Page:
JOB SEARCH / MAY. 30, 2014
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How to Keep a Job Search Confidential While Employed

Perhaps you might have heard the story of Karly Sadof, the accomplished photo editor of the Associated Press who accidentally included part of her cover letter applying for a job with Buzzfeed as a caption sent to all AP’s clients. This ‘fatal’ gaffe had two implications on her professional reputation. First, she posted an incorrect caption for a photo (a major mistake for an editor, who is supposed to pay attention to details) and second, she let everyone know that she was looking for a new job (not a wise move for anyone hoping to keep a respectable job).

This incident speaks of itself! Refrain from looking for a job while at work because nothing at work is private! It could put your current position as well as future opportunities in jeopardy.

Pay special attention to these tips to make your job search as confidential as possible…

Remember: ‘Big Brother’ Might be Watching You…  

Your boss can legitimately spy on you to monitor what you are doing at work or how you use company equipment. The truth is, the larger your company is, the more likely it will be tracking your daily activities using monitoring software. That means if you're spending time surfing job boards, reading job search advice while at work or using your work-issued computer or emailing cover letters to potential employers, your employer may know about it and could possibly dismiss you. On the other hand, using your work computer for personal businesses can be against the company’s policies, so consider bringing your own laptop after making sure that this is permitted.

Mind Your Digital Footprint

Social media such as LinkedIn can help you land a job, but it is paramount to keep your search confidential. The first step to take is to keep an eye on LinkedIn privacy settings. Turn off your activity broadcasts if you are running a stealthy job search that your current boss should not be aware of. Uncheck the box that allows LinkedIn to let people know when you've made changes to your profile. You can also adjust the Communications tab settings to determine what you want to share with others or select who can see your connections. Be vigilant and ensure that your online trails will not lead your boss to discover your job hunt.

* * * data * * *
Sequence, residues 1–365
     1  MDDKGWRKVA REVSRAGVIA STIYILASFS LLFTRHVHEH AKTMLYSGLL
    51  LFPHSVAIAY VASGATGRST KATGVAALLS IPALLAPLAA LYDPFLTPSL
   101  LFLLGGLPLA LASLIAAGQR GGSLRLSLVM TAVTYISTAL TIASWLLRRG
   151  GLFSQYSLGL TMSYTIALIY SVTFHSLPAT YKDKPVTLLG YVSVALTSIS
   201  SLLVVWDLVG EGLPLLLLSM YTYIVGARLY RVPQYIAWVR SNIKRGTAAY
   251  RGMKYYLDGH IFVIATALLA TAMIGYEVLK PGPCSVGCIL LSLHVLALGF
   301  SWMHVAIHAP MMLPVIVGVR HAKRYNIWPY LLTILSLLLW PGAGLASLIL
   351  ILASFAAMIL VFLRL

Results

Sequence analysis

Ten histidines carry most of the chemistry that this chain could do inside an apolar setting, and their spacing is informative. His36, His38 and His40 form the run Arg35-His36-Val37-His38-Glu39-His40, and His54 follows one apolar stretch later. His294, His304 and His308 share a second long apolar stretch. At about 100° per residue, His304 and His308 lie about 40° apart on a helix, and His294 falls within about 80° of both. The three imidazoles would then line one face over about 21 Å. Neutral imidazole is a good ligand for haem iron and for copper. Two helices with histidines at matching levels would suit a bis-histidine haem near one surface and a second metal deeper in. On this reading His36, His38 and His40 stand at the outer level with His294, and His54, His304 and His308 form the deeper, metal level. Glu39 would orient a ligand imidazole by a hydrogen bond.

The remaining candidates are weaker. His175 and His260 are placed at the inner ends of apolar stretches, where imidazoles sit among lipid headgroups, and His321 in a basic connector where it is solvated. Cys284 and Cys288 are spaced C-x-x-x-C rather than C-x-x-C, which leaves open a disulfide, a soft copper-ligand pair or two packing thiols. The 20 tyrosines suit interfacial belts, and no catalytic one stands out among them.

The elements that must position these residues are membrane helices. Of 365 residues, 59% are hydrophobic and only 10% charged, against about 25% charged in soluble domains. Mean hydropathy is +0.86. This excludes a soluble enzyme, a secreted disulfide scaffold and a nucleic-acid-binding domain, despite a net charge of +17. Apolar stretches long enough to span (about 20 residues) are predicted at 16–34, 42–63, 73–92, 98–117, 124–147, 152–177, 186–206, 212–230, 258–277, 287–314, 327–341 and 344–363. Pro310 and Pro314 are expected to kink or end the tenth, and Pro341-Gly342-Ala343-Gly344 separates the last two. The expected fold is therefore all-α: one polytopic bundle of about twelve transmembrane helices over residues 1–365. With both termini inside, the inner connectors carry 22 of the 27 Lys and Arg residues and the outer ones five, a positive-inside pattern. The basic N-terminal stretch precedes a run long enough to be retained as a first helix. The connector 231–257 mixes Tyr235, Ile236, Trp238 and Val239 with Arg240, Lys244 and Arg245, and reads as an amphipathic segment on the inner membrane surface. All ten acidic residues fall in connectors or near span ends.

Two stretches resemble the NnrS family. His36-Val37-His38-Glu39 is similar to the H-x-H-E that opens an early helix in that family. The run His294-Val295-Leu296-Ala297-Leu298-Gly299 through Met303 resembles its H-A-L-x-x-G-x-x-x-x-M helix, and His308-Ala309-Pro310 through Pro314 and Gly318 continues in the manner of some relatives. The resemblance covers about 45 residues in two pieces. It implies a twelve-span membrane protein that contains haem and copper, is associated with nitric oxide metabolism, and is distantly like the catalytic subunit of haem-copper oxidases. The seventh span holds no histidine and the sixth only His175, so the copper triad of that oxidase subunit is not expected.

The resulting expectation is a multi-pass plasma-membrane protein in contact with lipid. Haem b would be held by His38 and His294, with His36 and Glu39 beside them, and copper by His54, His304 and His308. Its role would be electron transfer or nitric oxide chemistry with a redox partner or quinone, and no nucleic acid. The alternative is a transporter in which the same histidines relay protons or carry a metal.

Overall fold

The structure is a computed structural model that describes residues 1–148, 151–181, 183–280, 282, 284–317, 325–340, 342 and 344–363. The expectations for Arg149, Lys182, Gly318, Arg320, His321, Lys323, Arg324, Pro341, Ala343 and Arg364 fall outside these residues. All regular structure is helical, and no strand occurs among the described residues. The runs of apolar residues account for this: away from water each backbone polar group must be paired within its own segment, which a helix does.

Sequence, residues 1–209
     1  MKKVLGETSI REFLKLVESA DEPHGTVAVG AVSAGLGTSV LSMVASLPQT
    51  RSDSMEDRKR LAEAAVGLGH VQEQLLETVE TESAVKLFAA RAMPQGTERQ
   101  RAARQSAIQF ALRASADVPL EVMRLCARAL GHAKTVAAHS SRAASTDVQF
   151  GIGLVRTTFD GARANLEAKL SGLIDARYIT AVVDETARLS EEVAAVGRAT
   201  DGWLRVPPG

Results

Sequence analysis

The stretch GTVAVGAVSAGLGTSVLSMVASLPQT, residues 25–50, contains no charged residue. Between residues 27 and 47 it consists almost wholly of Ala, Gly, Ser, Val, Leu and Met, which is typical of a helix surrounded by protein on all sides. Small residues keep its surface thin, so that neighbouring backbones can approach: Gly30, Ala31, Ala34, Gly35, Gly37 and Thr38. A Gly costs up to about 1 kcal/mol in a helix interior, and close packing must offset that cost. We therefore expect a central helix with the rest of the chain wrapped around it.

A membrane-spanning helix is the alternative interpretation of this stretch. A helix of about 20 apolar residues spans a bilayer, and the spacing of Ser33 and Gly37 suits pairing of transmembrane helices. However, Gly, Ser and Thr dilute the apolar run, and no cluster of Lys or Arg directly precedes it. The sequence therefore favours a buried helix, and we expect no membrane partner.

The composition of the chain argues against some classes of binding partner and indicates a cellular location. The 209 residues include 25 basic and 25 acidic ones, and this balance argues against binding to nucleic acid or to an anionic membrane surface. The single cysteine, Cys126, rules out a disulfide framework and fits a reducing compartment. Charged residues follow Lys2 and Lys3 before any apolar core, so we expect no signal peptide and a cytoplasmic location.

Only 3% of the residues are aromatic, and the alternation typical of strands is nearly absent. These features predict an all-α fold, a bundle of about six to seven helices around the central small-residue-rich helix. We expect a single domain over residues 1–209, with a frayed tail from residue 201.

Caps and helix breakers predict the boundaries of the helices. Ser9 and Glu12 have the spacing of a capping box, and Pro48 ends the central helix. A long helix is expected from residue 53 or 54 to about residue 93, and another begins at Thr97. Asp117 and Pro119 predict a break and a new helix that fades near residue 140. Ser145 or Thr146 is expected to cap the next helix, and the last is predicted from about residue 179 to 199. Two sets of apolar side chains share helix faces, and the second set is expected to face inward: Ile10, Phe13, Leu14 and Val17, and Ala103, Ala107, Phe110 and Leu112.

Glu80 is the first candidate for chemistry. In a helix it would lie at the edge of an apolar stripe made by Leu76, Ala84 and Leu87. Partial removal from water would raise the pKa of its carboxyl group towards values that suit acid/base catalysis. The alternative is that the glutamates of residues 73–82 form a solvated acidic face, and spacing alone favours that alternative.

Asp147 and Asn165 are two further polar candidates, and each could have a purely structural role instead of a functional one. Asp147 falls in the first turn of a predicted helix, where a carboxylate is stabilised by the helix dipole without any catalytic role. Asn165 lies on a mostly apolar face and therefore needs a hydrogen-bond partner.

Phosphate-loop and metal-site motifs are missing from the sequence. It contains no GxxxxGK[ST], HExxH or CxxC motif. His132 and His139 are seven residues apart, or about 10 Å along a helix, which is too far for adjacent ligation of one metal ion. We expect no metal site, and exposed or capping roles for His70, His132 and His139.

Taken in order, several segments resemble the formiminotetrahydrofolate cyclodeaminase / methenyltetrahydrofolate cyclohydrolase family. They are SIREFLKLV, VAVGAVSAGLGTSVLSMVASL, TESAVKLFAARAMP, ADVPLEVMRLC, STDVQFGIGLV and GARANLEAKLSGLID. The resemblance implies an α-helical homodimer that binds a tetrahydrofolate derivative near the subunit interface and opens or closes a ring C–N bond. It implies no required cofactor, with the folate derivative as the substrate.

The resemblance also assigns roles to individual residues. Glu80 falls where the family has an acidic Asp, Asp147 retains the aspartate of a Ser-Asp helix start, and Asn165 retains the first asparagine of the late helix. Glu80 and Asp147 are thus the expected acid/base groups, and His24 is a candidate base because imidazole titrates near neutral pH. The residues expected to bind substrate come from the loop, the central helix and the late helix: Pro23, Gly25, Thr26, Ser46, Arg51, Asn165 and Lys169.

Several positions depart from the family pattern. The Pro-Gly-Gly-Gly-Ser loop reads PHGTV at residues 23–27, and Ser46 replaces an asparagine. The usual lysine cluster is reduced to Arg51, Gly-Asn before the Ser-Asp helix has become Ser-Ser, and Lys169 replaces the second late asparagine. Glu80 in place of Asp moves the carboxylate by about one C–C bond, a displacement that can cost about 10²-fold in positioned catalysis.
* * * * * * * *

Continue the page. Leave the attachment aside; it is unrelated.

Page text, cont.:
Be Furtive when you Research Profiles

If you're visiting many profiles on LinkedIn, you may not want to let people know. If you opt for undercover research, change the setting in LinkedIn labeled "Select what others see when you've viewed their profile". You may want to temporarily change it to "Anonymous" during your in-depth online investigations.

Join Groups Privately

When you join various LinkedIn groups, you have the option to not publicise your membership on your profile. Go to your “Groups” on the bottom of your profile and choose which ones you want to be visible or hidden. Bear in mind that public groups are not ideal places to post any negative remarks about your current employer or information about your job search. Even if your membership in a group is hidden, someone could still view your updates in that group.

Don’t use any of your Current Co-workers or Supervisors as References

If one of them is contacted while you’re looking for a new job and they don’t know that you are looking for a new job, you’ll have to give explanations. So prepare the ground in advance and make sure you warn them in time about your intentions to make a new career step.

Schedule Interviews during Non-work Hours

When job searching or even when called for an interview and still employed, it is vital to maintain your loyalty towards your current employer. Don’t compel your boss to start questioning your productivity level due to your absence at obvious work hours. Try to arrange job interviews or informational interviews at times which do not coincide with work hours (e.g. during lunch break, after work or even unused vacation days).

All in all, every person who job hunts while in employment must make discreet movements so as to avoid potential mistakes that can land him in hot water. Ensuring your job search is confidential can be a challenge, but being attentive and watchful to your online trails as well as keeping your plans to yourself until you are ready to make a big announcement is key for success.

Have you ever experienced a situation when you had to keep your job search confidential? What strategies did you employ to keep your activity undercover? Please have your say in the comment section below. 

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